Hardy Palm and Subtropical Board
[ Post a Response | Hardy Palm and Subtropical Board ]
Welcome! Participants are urged to post any information pertinent to plants, weather, or topics related to either. Off-topic posts, inflammatory posts and advertisements are subject to removal at the discretion of the moderators. Please limit image size to no larger than about 950x700 pixels so that everyone can easily view it. To post an image, it must first be uploaded to a remote server somewhere on the internet such as photobucket.com.
Re: Tennessee Gators
Posted by Jim Wilmington DE 7a
on 10/3/2018, 8:35 am, in reply to "Tennessee Gators
> Alligators can survive Tennessee winters by going into a hibernation-like dormancy called brumation. They can withstand periods of ice by sticking their snout out of the water before it freezes which allows them to continue breathing. <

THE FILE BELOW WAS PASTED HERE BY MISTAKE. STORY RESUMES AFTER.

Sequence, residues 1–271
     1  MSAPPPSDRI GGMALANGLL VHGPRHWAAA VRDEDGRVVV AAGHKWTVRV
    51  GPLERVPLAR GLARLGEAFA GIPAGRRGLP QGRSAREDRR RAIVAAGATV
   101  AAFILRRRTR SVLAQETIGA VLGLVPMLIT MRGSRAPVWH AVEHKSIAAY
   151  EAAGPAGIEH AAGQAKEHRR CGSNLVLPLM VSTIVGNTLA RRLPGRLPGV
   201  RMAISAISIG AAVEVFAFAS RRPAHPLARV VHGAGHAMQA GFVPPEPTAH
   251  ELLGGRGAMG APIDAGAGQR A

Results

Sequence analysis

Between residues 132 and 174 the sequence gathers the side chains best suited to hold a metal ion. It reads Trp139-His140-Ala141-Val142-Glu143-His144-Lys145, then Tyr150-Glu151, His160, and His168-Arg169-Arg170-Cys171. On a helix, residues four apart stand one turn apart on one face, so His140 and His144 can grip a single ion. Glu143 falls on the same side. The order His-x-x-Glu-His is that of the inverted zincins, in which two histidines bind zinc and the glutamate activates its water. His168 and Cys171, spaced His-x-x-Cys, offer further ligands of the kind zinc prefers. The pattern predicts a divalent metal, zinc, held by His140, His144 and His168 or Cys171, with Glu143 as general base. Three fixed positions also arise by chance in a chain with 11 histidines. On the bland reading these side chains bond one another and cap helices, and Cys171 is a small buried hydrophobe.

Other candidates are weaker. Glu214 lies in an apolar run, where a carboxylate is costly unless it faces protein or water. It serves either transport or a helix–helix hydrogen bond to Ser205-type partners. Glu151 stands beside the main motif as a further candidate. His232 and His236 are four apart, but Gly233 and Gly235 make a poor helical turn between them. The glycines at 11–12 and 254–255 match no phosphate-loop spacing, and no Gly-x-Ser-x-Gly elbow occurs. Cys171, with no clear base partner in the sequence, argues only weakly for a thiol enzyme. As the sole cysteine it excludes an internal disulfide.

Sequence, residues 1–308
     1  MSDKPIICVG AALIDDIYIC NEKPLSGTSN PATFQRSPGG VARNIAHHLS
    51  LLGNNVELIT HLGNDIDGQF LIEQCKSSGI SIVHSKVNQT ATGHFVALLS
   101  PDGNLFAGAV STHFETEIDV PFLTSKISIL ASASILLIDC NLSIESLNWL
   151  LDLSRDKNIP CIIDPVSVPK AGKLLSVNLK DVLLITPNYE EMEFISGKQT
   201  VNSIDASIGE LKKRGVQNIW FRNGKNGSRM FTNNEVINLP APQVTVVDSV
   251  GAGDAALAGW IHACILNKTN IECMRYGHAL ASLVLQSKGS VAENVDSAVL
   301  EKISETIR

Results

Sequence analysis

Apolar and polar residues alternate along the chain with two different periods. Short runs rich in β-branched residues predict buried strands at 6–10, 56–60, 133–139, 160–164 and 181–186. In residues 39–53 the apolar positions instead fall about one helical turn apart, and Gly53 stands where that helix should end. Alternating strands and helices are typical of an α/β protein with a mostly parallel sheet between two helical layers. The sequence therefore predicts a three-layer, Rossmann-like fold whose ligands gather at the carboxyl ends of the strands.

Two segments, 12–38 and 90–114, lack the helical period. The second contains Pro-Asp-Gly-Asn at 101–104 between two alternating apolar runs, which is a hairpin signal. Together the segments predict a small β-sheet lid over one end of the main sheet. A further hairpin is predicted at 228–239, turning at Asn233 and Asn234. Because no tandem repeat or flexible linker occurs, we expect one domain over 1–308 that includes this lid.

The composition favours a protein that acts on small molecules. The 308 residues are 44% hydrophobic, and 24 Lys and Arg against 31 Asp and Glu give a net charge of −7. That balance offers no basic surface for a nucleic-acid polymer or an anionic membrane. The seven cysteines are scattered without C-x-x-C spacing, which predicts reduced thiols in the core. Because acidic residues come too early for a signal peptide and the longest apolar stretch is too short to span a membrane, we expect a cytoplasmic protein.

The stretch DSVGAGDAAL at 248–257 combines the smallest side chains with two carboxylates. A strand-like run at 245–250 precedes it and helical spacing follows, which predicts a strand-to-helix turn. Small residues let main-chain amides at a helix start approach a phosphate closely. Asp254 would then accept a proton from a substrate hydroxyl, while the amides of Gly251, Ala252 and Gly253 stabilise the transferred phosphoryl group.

Amazing. If they're sticking their snout above the water surface, that presupposes the rest of their body is under water, but that the surface is beginning to ice up. Before water gets to 32F, it has to go down through 40F, 38F, 36F, and so on. And as the surface freezes, one would expect the rest of the still liquid water underneath to be only a degree or two warmer. That presents a picture of a gator fully immersed in, what, 35F or 36F water? Can they take that? And is cold-blooded REALLY cold-blooded? Do gators' body temperatures reflect the surrounding temperature? Can a gator be, say, 38F all the way throughout it and still be alive?
So many questions.
Jim, Wilmington, DE, 7a
Last 30 Years Avg. Winter Low: 7.50F
Last 20 Years Avg. Winter Low: 8.35F
Last 10 Years Avg. Winter Low: 8.40F
Favorite Palms: Species: Phoenix Canariensis / Genus: Sabal